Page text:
Social Institutions in Postmodern Society
The first part of this article provides an introduction to postmodernism, beginning with the ways in which pre-modernism and modernism paved the course for the existence of such a philosophical conception. The second section delves into an analysis of the following social institutions: family, education, and religion. More specifically, the transitional nature of education is examined against shifting family dynamics that have progressed from modern to postmodern times, as well as the contemporary academic trend toward individuation. Religion is examined through a postmodern lens, including the advent of denominations such as Unitarian Universalism, along with postmodern ministries and present-day educational controversies (i.e., school prayer, moments of silence).
Keywords Culture; Gender Gap; Language Games; Modernism; Multiple Intelligences; Postmodern Ministry; Postmodern Society; Unitarian Universalism; VARK
Social Change: Social Institutions in Postmodern Society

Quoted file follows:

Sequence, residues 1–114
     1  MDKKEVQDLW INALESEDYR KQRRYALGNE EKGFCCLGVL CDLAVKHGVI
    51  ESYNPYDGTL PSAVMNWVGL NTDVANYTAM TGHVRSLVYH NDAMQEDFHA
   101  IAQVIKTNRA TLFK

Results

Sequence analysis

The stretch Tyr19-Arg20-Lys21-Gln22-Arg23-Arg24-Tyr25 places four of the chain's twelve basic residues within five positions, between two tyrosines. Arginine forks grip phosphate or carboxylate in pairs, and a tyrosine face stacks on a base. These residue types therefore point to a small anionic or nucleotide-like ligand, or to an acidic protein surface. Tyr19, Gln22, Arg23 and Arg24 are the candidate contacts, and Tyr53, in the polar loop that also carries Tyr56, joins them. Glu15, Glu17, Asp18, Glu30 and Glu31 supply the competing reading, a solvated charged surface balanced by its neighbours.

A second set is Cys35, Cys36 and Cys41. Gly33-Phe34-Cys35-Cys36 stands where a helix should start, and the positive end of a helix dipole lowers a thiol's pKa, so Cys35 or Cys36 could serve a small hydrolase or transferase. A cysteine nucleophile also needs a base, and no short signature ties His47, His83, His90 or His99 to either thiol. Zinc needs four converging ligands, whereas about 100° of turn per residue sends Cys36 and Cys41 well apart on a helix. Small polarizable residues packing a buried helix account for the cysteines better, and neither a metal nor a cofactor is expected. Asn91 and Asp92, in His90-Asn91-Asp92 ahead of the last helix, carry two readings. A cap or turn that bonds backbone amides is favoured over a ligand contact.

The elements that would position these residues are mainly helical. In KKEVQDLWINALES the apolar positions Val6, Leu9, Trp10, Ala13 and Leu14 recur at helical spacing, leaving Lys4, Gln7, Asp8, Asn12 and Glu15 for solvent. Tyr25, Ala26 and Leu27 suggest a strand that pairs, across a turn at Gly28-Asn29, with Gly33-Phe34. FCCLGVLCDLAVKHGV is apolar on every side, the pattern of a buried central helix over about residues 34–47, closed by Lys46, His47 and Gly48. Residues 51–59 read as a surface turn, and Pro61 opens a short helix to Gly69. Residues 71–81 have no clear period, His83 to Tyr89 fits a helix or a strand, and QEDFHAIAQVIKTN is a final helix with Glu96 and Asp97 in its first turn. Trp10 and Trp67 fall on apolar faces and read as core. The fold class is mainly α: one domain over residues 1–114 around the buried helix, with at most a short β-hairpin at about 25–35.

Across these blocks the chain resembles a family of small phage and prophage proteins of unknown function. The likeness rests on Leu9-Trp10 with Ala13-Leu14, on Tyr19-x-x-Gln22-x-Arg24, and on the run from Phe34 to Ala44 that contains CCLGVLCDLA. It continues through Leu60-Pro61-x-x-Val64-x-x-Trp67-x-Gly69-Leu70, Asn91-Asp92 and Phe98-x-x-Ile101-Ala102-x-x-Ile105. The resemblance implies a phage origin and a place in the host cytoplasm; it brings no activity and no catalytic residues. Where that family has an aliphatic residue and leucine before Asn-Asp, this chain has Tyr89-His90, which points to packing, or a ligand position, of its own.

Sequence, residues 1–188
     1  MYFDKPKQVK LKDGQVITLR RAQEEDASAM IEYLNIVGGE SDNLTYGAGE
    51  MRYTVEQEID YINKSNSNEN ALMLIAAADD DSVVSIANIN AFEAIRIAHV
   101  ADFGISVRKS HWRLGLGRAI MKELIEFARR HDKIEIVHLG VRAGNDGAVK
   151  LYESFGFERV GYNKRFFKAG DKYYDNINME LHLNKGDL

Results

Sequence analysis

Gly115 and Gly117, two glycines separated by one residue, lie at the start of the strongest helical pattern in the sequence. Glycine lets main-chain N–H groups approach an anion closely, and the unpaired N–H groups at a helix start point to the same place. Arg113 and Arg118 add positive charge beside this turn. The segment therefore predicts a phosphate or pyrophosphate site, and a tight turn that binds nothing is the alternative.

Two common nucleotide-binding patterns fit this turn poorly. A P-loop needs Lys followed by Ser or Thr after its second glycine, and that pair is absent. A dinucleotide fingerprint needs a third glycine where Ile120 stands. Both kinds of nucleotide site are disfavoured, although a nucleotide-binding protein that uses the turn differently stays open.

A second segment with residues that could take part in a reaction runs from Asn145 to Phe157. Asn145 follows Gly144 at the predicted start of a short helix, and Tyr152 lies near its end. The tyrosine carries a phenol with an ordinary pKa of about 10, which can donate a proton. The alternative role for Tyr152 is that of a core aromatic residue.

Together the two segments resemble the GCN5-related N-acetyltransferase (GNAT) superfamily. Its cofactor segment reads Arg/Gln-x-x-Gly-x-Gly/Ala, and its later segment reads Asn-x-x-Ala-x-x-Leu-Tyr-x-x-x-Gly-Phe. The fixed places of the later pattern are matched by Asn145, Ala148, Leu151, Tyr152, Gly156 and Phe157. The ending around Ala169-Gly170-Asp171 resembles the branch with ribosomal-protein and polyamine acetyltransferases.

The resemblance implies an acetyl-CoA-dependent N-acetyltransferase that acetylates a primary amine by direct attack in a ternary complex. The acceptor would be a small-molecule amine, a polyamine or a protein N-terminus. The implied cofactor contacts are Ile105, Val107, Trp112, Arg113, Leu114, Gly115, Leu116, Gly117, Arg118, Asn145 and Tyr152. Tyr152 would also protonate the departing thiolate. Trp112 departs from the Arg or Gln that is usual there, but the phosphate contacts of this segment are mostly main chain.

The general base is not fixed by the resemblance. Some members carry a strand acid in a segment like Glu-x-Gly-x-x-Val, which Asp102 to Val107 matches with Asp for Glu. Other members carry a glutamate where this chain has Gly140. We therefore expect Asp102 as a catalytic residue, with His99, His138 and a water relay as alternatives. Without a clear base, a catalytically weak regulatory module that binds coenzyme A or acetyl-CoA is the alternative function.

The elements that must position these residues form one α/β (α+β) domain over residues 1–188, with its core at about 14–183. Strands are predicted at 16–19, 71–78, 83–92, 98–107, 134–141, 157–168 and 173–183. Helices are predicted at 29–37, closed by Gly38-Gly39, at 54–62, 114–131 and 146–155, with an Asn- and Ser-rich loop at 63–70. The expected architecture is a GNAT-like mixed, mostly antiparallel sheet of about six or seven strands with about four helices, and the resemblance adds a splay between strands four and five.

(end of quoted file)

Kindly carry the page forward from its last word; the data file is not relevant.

Postmodernism is an abstract, elusive archetype that serves as a significant influence on Western ideology and roughly began in the 1950s-1960s and is therefore in the preliminary stage of formulating an explicit identity (Baackmann & Craven, 2008; Hicks, 2004; Macionis, 2001; Myers, 2001; Shalin, 1993). Before postmodernism, the foregoing eras consisted of a pre-modern, medieval era and later, modernism. Pre-modernism (Holsinger, 2005) refers to the life and culture that existed during the Middle Ages, in which traditional lore upheld small communities that were adhered together through durable communal ties that reinforced a village mentality of kinship, cooperation, and unity. Unquestioned consecration toward religious creed as well as numinous, fateful,or spiritual means prevailed as standard conventions. This included conceptualizing life's customary twists-and-turns as "God's Will" or resolving everyday quandaries through blind faith. Indeed, it was during this medieval period that the Catholic Church reigned with full-fledged sovereignty, and religious turmoil was brought about by repeated crusades. Operating under a feudal domain, land was traded for protection between lords and serfs. The common peasant became obligated to a given jurisdiction in which movement was forcefully restricted, limiting exposure to outside modalities of thought. Hence, pre-modernism did not lend itself to either multiplicity or independence, but instead encouraged communities and families into likeminded confluence.